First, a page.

This is Siam A. from Dhaka, Bangladesh sharing my experience during the COVID-19 pandemic. I came to know about the virus from international media when no one knows in my locality what’s going on in Wuhan. I was counting the deaths on my notebook and aware of the fact that eventually, this virus would hit Bangladesh. I went to the pharmacy to collect masks.
In the middle of March, the government announced the presence of COVID-19 in the country. I collected the necessary foods for my family to survive and got prepared for lockdown.
During the lockdown, I saw the misery of poor people. Many rickshaw-pullers who used to stay in front of our house were unable to go out. Most of them went back to their village; I saw one becoming a tea seller with a big flask. My wife is a doctor. I was always worried about her health because she had a very big possibility of getting infected from the hospital. Eventually, all of my family members including me got infected. As we live in a small flat we do not have enough space to do quarantine in the home.
I remember one day, my wife and I went to collect some PPE. That was the first time we got out during lockdown. We took a taxi to reach our destination. I saw Dhaka, a city where you usually cannot walk without obstacles, all of a sudden became a ghost city. Every shop was closed, none in the street. The taxi driver did not have to push the break until a red-eyed policeman came. Local people blocked almost every road to maintain the lockdown situation. Sometimes we heard the news that someone died in our locality. Our local cemetery which is the largest in the country was declared as a dedicated cemetery for the COVID-19 deceased. We had always felt the presence of fear in our apartment building. I surrendered everything on the FATE!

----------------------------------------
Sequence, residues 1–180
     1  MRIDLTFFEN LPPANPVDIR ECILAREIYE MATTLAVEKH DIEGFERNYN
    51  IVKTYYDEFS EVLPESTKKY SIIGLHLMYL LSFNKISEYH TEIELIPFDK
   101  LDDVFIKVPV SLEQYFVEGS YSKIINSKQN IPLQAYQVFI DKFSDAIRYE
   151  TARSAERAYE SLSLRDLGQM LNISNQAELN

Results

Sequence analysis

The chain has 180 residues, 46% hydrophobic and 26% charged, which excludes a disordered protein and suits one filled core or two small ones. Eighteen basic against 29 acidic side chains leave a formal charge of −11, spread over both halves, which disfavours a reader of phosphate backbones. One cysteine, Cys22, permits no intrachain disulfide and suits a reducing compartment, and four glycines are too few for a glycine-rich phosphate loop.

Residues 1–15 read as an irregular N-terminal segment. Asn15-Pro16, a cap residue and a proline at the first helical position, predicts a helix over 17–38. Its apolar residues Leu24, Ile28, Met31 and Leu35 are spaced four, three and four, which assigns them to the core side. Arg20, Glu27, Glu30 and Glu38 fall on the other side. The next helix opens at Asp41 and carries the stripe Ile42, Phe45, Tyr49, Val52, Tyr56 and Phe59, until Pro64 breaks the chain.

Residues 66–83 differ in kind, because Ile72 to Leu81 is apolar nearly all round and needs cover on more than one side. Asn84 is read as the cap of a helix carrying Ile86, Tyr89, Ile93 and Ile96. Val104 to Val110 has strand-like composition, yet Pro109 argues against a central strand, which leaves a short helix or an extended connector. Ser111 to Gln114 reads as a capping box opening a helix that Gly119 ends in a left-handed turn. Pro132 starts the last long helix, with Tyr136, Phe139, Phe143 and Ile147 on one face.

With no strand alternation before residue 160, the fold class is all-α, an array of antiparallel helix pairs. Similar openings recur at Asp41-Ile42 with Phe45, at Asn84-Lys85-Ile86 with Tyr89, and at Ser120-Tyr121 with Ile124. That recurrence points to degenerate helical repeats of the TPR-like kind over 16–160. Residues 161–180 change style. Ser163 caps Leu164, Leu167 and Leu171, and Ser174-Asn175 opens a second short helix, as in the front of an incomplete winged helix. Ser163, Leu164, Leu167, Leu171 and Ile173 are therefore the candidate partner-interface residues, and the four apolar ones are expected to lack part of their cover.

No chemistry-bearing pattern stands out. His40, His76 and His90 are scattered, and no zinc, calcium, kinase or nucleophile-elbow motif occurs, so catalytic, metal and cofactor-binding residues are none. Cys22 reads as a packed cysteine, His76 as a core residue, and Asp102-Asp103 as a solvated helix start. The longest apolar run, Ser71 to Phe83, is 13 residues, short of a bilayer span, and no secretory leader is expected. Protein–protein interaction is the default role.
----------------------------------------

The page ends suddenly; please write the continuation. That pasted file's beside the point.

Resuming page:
After the lockdown, I went to a hospital to donate blood to a woman who gave birth to twin girls. My blood group is not rare, thus I asked the reception’s husband why he had to call someone from another side of the city. He answered, “everyone is scared to come to the hospital for virus infection. My friends and family did not pick up the cell after knowing they have to come to the hospital to donate blood.”
Eid came, the greatest celebration in our country. But the situation was not like the other years. The streets became full of beggars. You can not stand even for a little while, they would quickly surround you begging for help.
Then the situation got better. My family was not affected by COVID-19 at its very worst. I now have a better appreciation of the people who are really contributing to society. Last year, I was about to fly to the Middle East to join my brother’s business but got stuck here for over a year. But that really didn’t bother me when I compare other people’s lives with mine.
We survived in the pandemic and held each other’s hands when our local cemetery was getting packed with the COVID-19 deceased.